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Can I Appeal My Malpractice Lawsuit?

Legally Reviewed and Edited by: Terry Cochran

Laws in Michigan are not always the same as the laws in other states. If a medical malpractice attorney brings a suit against a hospital, healthcare professional, or even a nurse, the defendant may appeal the decision by the courts once it is given. Likewise, if a plaintiff loses the case against the defendant, the plaintiff may also file an appeal. These malpractice claim appeals can be used for medical errors, lack of standard of care, breach of duty, medical mistakes, wrongful death, or other forms of medical negligence in a health care setting.

The laws in Michigan protect each party in both situations, but the parties need to be aware of how the courts view the evidence in these cases. It is essential to make sure that witnesses for either side are qualified and prepared.

Status of Expert Witnesses

Recently in Michigan, the Court of Appeals ruled that it is important and relevant to determine the status of the witnesses if they are testifying when filing a medical malpractice lawsuit. As a word of caution to personal injury attorneys, the court made it very clear that the status of an expert witness must have a degree of superiority over the witness being disputed.
In a recent case in 2018, the plaintiff was alleging that the defendant was negligent when making her appeal for an overturning of the original court decision, which was against the plaintiff and supported defendants. The complaint was against a doctor and a registered nurse. The plaintiff accused the doctor and nurse of making errors in the delivery of her child with the result causing injuries to her baby. The mother used a nurse practitioner as an expert witness because the nurse practitioner maintained higher credentials than the registered nurse and in the opinion of the nurse practitioner, the doctor and the registered nurse were at fault.
The three judges in charge of the case did not even hear the arguments because they determined that the “expert witness “for the plaintiff was not qualified. In reality, and looking at the basic facts of the argument, a nurse practitioner has more credentials and therefore deserves a higher status than a registered nurse. However, in this case, the judges felt that because the nurse practitioner had spent about 15 years teaching and not practicing nursing directly with doctors, she was not qualified to give an opinion on the actions and decisions of the registered nurse who was involved with the delivery. The medical care doctor was not mentioned in the appeals case because of his status as a doctor.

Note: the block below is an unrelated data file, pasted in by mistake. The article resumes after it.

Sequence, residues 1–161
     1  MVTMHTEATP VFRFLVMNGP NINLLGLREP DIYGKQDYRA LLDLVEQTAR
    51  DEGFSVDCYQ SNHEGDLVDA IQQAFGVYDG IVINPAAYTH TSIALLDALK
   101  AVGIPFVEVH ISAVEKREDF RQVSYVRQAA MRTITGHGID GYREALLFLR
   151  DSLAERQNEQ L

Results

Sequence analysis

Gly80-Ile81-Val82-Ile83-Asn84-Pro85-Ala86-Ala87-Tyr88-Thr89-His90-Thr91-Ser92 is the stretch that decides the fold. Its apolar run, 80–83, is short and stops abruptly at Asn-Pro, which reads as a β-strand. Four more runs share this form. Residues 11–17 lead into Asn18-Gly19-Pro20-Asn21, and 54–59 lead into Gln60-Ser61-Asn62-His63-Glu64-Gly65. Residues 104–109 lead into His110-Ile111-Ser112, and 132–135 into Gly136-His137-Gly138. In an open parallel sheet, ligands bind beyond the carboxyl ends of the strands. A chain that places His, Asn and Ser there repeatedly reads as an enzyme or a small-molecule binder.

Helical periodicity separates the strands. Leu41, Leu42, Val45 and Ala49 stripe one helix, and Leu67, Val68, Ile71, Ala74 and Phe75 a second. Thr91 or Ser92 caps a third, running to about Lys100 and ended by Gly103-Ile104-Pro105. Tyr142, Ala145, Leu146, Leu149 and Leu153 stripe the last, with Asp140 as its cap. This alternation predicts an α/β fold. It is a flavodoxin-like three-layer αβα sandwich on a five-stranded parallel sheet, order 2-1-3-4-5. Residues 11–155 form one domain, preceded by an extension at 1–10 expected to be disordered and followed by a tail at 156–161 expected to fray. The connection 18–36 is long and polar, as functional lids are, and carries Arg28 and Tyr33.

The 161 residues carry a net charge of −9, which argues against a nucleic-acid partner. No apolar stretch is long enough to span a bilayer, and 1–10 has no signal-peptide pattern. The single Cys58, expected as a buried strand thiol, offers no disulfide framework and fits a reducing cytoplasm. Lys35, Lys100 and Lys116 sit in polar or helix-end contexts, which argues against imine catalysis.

What about Doctors?

Medical professionals can have the same type of status question if they are called to testify as an expert witness to dispute medical malpractice claims. There are, in fact, two different categories of doctors based on training and experience. One type, an MD, is formerly known as an allopathic doctor, and the other type known as an osteopathic doctor, DO, have different degrees of status. Although the services that each performs may have no differences, an MD or allopathic doctor cannot be used as an expert witness to refute the decisions of an osteopathic doctor. This is a legal definition and one that most malpractice attorneys will be aware of if you work with them to file an appeal or a claim.

Summary and Final Thoughts

It is possible for a party or family members in a malpractice lawsuit to file an appeal to cover medical bills if they are not in agreement with the court’s decision. However, it is vital that the “expert witness” that the attorneys bring to the medical malpractice case hearing have the appropriate status to be able to refute the testimony of the witnesses on the other side or the medical and legal status of the defendant. The malpractice lawyers of Cochran, Kroll, & Associates, P.C., has the expertise and experience to make sure that your case has the right witnesses in place to be successful. Contact our law firm at 866-MICH-LAW to arrange for a free consultation.

Disclaimer : The information provided is general and not for legal advice. The blogs are not intended to provide legal counsel and no attorney-client relationship is created nor intended.

Tristan is a professional writer and had careers as a teacher of English, school administrator, and as a broker in real estate sales. He has gained a great deal of legal experience through his service as the president of a teacher's union, a member of the board for a real estate association, and as the chairman of the Government Affairs Committee for the real estate board of directors. Before beginning a full-time job as a freelance writer, he was the Executive Director of the Global Business Alliance for a local Chamber of Commerce and sat on the Government Affairs Committee for the Chamber.



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